Creating a data driven culture can benefit any organization, even one that has already implemented an automated analytics solution. Companies that have well developed data driven cultures find that their employees have a better overall understanding of data’s value, allowing them to become active participants in both data measurement and analysis. This means employees are better able to support their ideas with solid evidential data, as well as to provide more realistic predictive outcomes. In this article, we will offer seven helpful tips on how to create a data-driven and data-informed company culture.
Even the most advanced analytics program will not do you much good if you do not know exactly what kind of metrics your organization needs to track, measure, and monitor. Identifying your metrics right off the bat means you are able to effectively decide both what data needs to be collected as well as how best to collect it.
As with many business operations, clear and direct communication is crucial when it comes to creating a data driven culture. This can be most easily and immediately achieved via a companywide internal email, containing a message to all employees that explains this. For example, the message might just contain a simple message such as, “Effective immediately, in order for any employee-presented ideas/decisions to be considered by management, said employees must be able provide valid data that supports their ideas.” Even better, if you have a centrally governed data source for core business data, you can require that to be the data source. The best would be to pull up the data analytics application live and show what’s happening and why you’ve arrived at a conclusion.
Once you have identified your desired metrics, you will need to acquire and implement the proper technology and infrastructure for the gathering and organization of your data. The simplest and most effective course of action would be to use a governed analytics solution that makes it possible for your employees’ to both access and track data, as well as to visualize trends and present actionable intelligence.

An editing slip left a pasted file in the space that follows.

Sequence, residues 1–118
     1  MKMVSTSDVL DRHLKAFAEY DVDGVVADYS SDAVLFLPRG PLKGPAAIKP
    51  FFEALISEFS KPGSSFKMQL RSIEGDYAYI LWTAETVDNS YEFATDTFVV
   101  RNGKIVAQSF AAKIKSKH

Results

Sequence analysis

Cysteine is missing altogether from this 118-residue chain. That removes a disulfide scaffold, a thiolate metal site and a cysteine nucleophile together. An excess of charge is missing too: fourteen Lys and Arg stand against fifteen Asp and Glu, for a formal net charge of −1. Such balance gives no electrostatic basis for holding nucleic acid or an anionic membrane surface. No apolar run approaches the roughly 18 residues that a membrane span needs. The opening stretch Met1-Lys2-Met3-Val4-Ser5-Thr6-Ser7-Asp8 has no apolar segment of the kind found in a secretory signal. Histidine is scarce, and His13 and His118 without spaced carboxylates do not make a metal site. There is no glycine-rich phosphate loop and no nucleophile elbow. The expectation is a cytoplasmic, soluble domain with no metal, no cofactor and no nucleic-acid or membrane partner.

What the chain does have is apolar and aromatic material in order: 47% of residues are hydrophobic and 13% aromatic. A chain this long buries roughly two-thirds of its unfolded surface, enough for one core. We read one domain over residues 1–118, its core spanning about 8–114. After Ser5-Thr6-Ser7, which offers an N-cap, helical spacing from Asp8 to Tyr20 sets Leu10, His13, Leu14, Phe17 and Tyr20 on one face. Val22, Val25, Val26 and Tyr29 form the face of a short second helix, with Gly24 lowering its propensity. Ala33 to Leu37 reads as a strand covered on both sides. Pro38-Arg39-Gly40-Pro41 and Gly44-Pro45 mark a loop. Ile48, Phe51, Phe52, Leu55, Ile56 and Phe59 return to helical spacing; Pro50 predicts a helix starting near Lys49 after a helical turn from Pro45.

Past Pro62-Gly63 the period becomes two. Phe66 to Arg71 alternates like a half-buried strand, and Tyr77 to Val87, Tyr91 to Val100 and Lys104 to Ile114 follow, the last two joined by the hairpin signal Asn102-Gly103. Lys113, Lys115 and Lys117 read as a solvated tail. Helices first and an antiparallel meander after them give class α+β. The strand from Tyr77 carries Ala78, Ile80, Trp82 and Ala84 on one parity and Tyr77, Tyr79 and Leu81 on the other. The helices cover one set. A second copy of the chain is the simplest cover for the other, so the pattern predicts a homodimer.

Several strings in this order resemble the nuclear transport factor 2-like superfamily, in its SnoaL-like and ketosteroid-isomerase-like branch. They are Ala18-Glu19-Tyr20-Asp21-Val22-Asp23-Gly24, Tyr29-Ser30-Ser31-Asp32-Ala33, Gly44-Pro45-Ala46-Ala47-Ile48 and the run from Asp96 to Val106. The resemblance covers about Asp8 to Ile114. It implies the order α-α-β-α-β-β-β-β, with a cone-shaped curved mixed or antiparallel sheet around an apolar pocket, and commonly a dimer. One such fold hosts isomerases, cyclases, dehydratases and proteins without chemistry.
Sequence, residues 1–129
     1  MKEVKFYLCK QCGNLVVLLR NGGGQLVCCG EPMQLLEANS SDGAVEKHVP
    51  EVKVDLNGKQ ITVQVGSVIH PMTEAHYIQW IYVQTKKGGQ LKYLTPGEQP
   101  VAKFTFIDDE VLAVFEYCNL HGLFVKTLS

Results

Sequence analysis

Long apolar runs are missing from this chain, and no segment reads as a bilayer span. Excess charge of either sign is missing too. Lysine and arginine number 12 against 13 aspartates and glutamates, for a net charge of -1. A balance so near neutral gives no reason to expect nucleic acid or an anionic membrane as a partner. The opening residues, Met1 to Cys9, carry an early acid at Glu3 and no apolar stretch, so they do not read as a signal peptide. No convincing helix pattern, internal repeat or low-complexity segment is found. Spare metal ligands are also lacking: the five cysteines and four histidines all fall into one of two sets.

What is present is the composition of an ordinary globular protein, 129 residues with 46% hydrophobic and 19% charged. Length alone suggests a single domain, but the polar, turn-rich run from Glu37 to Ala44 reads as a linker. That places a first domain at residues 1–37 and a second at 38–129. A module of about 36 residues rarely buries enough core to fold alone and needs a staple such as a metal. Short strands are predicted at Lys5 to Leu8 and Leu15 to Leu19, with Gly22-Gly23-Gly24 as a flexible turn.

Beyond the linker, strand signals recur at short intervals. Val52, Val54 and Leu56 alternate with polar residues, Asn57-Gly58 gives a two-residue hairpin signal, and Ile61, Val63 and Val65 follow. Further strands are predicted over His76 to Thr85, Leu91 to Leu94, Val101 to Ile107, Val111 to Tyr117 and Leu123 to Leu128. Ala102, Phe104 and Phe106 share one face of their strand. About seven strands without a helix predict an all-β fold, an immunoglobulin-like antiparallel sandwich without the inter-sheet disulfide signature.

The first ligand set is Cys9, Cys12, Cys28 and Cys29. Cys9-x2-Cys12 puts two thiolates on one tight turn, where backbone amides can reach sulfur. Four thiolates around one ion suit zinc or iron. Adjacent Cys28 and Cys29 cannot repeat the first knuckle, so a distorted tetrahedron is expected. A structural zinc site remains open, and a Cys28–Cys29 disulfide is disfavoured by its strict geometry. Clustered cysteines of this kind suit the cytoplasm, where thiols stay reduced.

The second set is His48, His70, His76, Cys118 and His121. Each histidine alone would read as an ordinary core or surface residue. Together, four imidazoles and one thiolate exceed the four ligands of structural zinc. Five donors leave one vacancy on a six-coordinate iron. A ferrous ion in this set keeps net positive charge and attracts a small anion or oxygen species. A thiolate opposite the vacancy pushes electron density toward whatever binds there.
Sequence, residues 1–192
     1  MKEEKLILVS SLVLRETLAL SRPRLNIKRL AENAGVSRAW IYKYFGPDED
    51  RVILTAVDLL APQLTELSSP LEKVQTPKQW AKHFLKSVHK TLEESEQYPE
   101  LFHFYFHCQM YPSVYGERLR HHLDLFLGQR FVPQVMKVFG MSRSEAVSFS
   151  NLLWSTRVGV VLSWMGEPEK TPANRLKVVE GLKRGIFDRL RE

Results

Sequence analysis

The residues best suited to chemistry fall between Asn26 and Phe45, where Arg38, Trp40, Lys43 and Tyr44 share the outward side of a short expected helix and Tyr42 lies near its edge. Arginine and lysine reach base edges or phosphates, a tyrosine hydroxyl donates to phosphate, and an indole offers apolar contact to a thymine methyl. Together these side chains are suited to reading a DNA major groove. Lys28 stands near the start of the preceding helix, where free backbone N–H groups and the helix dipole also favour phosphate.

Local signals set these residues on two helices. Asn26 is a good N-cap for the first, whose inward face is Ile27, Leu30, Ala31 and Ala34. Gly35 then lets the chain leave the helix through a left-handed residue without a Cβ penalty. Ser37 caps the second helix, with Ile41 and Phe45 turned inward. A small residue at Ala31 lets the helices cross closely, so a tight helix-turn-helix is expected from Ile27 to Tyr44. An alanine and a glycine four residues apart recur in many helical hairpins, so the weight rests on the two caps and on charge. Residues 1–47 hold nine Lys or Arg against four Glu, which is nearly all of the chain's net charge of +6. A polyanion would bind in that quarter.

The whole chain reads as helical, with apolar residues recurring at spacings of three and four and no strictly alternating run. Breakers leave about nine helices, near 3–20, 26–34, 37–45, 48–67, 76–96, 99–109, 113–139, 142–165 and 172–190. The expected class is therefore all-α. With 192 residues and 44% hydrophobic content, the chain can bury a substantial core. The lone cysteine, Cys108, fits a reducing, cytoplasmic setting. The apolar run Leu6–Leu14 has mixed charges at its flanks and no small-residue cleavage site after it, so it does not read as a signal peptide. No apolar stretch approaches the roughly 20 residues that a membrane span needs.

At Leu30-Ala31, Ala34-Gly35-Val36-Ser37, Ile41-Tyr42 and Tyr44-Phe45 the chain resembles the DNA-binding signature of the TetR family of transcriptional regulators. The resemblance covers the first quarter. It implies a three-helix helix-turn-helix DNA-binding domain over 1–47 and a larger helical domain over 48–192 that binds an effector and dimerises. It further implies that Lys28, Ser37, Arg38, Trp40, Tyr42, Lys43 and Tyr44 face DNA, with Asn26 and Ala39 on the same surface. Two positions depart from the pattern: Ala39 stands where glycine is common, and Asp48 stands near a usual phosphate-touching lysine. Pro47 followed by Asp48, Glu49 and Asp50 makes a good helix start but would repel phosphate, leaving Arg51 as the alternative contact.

Data can be a tricky thing. While you will want to make sure that all employees have access to the data they need in order to do their jobs effectively, you certainly do not want all of your employees to have access to all of your company’s data. Therefore, it is important to implement proper data controls and policies that allow for a trackable digital trail for what data is (and can be) accessed by who. Such controls reduce risks for internal breaches by setting concrete security levels for data access and establishing which individuals are to be granted them.
In the years since the arrival of Big Data, a number of new executive and management level positions have had to be created. For example, business leadership roles such as Chief Data Scientist, Chief Analytics Officer, and Chief Data Officer are now commonplace among large corporate firms. To facilitate a data driven culture, you might consider creating a new leadership position for it. Simply creating such a position, of course, won’t just automatically lead to a data driven culture. It will, however, allow for an organizational structure and chain of command that will foster its development.
This one is often forgotten or ignored. It is, however, very important… because businesses often have to sell investments in new technology (such as analytics) to stakeholders or a board. By creating a data driven culture in which everyone recognizes that data is connected to the organization's revenue, you will be better prepared to make such arguments as well as demonstrate the financial returns that can be expected on any investments (ROI) made in data analytics. Or as we like to call it, your Return on Data.
Rewarding success is always a sound idea in any organization. Many companies give such rewards (whether monetary or just symbolic) for the successes of staff members, often in departments such as sales or customer support. The idea here is to make the use of data/analytics a rewardable action. An organization with a data driven culture should spotlight and reward employees for using analytics to take beneficial actions, make intelligent decisions, and/or improve ROI.
By using the above tips to create a data driven culture in your organization, especially if combined with a robust automated analytics solution, you will be leading your entire staff in making evidence based, well-guided, actionable decisions while enjoying more favorable outcomes.
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